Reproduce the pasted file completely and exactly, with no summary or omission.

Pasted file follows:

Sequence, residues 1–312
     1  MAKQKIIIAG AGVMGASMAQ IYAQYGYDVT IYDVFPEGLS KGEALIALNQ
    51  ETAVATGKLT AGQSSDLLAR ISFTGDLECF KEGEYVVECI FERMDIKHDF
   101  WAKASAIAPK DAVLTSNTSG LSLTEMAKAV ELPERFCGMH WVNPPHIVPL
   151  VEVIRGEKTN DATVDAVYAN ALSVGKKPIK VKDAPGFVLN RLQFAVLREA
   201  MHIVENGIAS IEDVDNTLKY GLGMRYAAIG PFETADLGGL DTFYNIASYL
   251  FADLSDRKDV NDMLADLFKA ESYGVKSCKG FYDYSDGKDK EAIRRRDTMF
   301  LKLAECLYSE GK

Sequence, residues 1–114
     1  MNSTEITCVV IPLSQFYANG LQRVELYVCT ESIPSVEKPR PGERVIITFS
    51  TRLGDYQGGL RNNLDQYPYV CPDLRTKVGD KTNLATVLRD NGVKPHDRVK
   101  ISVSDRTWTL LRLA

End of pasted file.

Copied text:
Sequence, residues 1–312
     1  MAKQKIIIAG AGVMGASMAQ IYAQYGYDVT IYDVFPEGLS KGEALIALNQ
    51  ETAVATGKLT AGQSSDLLAR ISFTGDLECF KEGEYVVECI FERMDIKHDF
   101  WAKASAIAPK DAVLTSNTSG LSLTEMAKAV ELPERFCGMH WVNPPHIVPL
   151  VEVIRGEKTN DATVDAVYAN ALSVGKKPIK VKDAPGFVLN RLQFAVLREA
   201  MHIVENGIAS IEDVDNTLKY GLGMRYAAIG PFETADLGGL DTFYNIASYL
   251  FADLSDRKDV NDMLADLFKA ESYGVKSCKG FYDYSDGKDK EAIRRRDTMF
   301  LKLAECLYSE GK

Sequence, residues 1–114
     1  MNSTEITCVV IPLSQFYANG LQRVELYVCT ESIPSVEKPR PGERVIITFS
    51  TRLGDYQGGL RNNLDQYPYV CPDLRTKVGD KTNLATVLRD NGVKPHDRVK
   101  ISVSDRTWTL LRLA